Simon Legault’s second CD Science Welded by Love reviewed by Stanley Fefferman

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The way I hear it, Science Welded by Love is a duet between  guitarist Simon Legault, who wrote most of the tunes, and the tenor sax of Frank Lozano.  If this were classical music, the setlist suggests a time between Bach and Haydn. The flow of ideas is controlled, and each one is developed melodically. The intros are solo or duo—usually in imitation—presenting an attractive blend of the timbres of each instrument, with the percussion discretely in the background. As they work it out, Legault and Lozano trade places, front and back, balancing their phrasing, sometimes in counterpoint, and sometimes the guitar drops back to comp discretely. The whole album is a nice mix of those strategies. “I Hear Religion in Them,” and “Galyna’s Desert” make room for nice solos by Adrian Vedady on double-bass. The quartet colours its overall classical style  with touches of Romance and smidges of Funk. “Counter-Intuitive moves pretty fast. “Galyna’s Desert is slow-dripping and dreamy. Skeptic II exfoliates a spooky electronic overdub that works well. “Dadar” generates heavy rhythmics—Mark Wheaton’s cymbals splash out in front, and the combo comes on a bit like a big band. The last two tunes have a touch of Latin. Overall, the vibe is mellow. Legault’s guitar has a forlorn sound. I think of Lenny Breau in Cabin Fever, a guy trapped in a moment trying to finger his way out.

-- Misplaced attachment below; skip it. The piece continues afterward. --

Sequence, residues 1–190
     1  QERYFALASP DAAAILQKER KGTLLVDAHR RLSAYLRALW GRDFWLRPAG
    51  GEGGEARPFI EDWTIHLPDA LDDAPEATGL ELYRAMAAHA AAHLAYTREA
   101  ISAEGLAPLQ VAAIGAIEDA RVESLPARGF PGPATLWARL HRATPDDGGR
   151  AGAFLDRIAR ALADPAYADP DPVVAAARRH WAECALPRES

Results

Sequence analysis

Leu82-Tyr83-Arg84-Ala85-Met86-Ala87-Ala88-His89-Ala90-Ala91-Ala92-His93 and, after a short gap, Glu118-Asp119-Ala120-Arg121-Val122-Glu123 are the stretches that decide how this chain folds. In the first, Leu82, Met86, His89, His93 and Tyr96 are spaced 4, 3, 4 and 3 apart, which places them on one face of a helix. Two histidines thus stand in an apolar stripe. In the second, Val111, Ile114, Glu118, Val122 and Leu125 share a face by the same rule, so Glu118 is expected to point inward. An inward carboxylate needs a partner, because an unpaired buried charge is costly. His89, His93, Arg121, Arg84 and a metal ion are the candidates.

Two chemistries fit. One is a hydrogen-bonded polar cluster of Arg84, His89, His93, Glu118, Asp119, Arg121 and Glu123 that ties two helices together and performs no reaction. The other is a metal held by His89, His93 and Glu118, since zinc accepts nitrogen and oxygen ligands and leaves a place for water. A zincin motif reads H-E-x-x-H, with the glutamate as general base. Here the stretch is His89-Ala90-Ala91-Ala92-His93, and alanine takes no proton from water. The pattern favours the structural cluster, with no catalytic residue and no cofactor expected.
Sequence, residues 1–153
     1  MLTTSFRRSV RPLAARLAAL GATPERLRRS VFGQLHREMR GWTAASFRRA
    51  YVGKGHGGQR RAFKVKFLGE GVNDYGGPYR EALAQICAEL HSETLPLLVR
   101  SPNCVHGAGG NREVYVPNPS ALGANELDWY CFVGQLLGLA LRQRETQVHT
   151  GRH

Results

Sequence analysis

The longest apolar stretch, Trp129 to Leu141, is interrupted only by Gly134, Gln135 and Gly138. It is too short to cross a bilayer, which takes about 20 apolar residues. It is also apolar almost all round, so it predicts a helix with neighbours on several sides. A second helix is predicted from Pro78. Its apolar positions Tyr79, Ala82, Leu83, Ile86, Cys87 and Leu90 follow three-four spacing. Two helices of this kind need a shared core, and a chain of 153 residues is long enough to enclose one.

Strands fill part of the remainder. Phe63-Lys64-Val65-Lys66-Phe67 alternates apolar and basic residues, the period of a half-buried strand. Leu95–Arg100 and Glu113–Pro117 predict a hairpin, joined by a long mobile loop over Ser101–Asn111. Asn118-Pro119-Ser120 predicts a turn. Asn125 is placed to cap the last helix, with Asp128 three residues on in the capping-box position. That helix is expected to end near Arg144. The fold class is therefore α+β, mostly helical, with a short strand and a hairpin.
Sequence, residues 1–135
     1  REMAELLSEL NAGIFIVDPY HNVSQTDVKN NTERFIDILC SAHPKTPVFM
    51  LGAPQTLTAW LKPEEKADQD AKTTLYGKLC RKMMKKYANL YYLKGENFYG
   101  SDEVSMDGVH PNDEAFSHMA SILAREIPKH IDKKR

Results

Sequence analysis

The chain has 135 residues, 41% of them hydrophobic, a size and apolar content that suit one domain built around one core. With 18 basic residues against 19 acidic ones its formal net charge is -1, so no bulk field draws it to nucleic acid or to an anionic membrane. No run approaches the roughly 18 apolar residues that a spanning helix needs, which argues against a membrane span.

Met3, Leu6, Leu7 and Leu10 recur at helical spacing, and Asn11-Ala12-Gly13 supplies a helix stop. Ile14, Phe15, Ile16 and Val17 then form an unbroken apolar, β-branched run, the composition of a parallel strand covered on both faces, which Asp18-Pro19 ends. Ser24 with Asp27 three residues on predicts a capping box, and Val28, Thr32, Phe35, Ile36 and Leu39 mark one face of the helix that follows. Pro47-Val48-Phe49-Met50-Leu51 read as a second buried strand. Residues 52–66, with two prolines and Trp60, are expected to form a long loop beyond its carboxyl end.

Simon Legault Quartet. SCIENCE WELDED BY LOVE. 2013. Effendi Records. Simon Legault: guitar, Frank Lozano: tenor sax, Adrian Vedady: double-bass, Mark Wheaton: dr.


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